In my previous blog posts in this trilogy about audits, I already discussed the first party audit and the third party audit.
I deliberately saved the second party audit for last. Why? Read more to find out!
The definition of a second party or a customer audit is an audit conducted by an external audit organisation or an internal auditor of your customers’ organisation. Both of the auditors will conduct the audit on behalf of your customer.
The aim of a second party audit is to obtain a qualitative supply chain that meets consumer needs by verifying all current and future suppliers.
The second party audit can be conducted by two types of auditors. The first type being company auditors, or auditors that are employed by your customer. The issue that rises with audits conducted by company auditors, is the same as we discussed with the third party audits by certification auditors, namely the commercial relationship between your company and the auditor.
The internal pressure that the company auditor experiences of its own organisation can be enormous.
A common issue with company auditors is the internal pressure the purchasing department puts on their own auditor: “This is our biggest supplier for this specific material and there aren’t many alternatives, so it’s necessary for you to approve their supply.”
The purchasing department isn’t the only source for the internal pressure on the company auditor. The pressure can also come from the marketing department: “We already invested a lot of money in this supplier and we already purchased a piece of equipment in order to make our future product. As we’ve already invested, our supplier needs to get approved. If you don’t approve them, we might lose a lot of money that we already put into the investment.”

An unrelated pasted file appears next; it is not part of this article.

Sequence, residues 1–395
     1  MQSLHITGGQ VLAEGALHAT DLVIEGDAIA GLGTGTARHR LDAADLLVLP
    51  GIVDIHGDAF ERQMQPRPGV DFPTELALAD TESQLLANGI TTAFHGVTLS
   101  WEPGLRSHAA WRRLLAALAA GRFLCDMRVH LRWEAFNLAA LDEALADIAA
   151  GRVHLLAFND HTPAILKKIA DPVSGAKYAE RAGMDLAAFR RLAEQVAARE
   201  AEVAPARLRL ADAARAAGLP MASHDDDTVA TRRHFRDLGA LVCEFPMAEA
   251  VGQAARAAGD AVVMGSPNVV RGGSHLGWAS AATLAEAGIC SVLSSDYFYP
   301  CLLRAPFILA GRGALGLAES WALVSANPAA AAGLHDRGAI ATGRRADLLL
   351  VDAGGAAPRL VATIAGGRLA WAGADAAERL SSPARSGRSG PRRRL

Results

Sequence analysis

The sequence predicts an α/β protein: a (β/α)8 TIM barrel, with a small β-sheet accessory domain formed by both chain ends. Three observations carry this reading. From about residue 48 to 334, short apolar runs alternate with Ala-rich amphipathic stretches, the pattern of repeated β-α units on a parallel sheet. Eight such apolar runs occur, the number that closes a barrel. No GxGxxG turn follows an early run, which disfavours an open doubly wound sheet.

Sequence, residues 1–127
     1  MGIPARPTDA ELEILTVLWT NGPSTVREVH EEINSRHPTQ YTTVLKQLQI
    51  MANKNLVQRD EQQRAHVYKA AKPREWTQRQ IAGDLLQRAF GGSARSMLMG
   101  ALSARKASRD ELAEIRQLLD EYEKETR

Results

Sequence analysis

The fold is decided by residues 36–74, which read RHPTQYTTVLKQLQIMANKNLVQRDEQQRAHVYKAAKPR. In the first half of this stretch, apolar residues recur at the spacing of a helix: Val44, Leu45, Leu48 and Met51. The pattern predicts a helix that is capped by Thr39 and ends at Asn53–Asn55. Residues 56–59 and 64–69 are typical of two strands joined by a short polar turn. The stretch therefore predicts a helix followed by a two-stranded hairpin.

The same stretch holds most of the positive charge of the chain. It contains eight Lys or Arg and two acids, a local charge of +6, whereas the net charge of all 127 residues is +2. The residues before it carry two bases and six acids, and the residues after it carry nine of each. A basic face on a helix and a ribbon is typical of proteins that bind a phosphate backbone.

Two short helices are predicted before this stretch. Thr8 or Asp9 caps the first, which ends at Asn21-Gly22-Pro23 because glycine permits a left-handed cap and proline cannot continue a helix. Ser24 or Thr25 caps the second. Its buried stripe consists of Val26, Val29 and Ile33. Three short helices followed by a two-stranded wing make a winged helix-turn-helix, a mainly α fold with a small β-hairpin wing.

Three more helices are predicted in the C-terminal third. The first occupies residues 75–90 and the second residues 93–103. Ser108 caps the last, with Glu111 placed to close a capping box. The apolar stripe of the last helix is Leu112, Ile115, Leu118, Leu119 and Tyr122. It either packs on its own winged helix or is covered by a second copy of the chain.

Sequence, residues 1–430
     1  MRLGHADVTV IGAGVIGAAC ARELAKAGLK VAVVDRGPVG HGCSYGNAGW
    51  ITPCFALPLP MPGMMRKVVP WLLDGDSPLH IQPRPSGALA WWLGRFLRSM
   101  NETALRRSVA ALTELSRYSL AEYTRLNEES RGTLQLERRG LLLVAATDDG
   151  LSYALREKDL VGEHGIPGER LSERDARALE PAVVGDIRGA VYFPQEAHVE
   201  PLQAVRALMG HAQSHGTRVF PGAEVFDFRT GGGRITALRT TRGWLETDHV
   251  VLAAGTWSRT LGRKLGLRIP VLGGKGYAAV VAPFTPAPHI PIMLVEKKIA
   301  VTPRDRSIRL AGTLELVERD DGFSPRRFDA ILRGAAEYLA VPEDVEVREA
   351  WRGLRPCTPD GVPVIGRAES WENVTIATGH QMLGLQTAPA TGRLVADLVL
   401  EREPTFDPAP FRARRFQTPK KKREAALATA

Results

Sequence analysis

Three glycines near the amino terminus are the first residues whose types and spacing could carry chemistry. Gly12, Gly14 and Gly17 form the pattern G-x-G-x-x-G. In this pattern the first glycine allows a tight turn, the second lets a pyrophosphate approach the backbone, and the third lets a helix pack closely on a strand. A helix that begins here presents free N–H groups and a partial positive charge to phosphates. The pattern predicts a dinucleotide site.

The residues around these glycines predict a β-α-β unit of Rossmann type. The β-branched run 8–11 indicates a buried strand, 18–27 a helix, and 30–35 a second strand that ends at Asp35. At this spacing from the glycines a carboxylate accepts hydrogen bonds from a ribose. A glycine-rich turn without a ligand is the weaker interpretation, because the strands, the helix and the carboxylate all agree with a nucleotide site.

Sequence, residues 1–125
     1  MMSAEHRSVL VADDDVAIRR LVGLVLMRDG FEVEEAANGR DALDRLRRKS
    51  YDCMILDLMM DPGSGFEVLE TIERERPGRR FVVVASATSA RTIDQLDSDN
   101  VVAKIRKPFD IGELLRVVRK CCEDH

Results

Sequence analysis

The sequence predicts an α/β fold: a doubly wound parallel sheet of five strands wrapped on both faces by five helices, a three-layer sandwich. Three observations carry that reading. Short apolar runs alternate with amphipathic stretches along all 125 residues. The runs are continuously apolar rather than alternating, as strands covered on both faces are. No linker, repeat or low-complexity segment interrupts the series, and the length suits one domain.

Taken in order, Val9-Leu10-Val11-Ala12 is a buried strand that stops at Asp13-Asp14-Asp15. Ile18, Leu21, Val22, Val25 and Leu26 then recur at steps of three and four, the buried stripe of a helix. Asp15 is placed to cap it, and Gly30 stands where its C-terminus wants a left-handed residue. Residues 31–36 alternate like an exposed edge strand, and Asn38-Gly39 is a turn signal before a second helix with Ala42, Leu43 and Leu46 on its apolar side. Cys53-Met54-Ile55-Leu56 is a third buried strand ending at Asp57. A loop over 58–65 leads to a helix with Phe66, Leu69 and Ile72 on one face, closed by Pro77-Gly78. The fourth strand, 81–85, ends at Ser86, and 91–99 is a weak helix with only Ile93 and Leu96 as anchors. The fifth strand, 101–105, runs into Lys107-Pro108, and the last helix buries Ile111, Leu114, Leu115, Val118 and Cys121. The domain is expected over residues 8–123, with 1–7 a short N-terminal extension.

The internal pressure on company auditors might be much bigger than you’d expect. On top of that, their internal pressure might even impact their added value to improve your management system.
The second type of customer auditors are the contracted audits, which can be divided into two subcategories. The first type of contracted audits are audits by certification organisations that conduct audits on behalf of your customer. And as you might know from the blogpost about third party audits, these also might be freelancers doing audits on behalf of the certification organisation.
The difficulty with customer audits performed by this type of auditors is that when you already own one of their certifications, it will be difficult to obtain a non-biased audit.
The second type of contracted audits are the ones that are conducted by an independent auditor. These types of auditors are contracted by your customer, but are not connected to certification organisations in any way. This means they will give you the best chance for improvement.
Independent auditors are the type of auditors that really represent the customer, because you share the same customer. On top of that, the auditor will try to give you a clear and objective view on how you work and where your improvement opportunities lie.
On top of that, there is no financial gain for this independent auditor. No matter what the findings will be after the audit is finished, the auditor’s earnings remain the same.
As I mentioned in the introduction, I deliberately left his audit to the last blog post in this trilogy, because these types of audits will add the most value to your management system.
Why is this the case?
The auditor who will conduct the customer audit has probably already seen various processes in different companies from different industries and different regions. The second party auditor is allowed to give you advice to improve your management system. The auditor’s acquired knowledge and experience will help him or her take a look at your management system from different angles.
On top of that, your customers have an audit standard based on their certification standard, combined with other requirements your client finds very important. This means the customer audit actually goes beyond the third party audit which means they already challenge you in doing better.
Are you considering a supplier audit? Don’t hesitate to contact me for more information!
Do you want to read more about audits? Make sure to read part one and part two of this blog post series!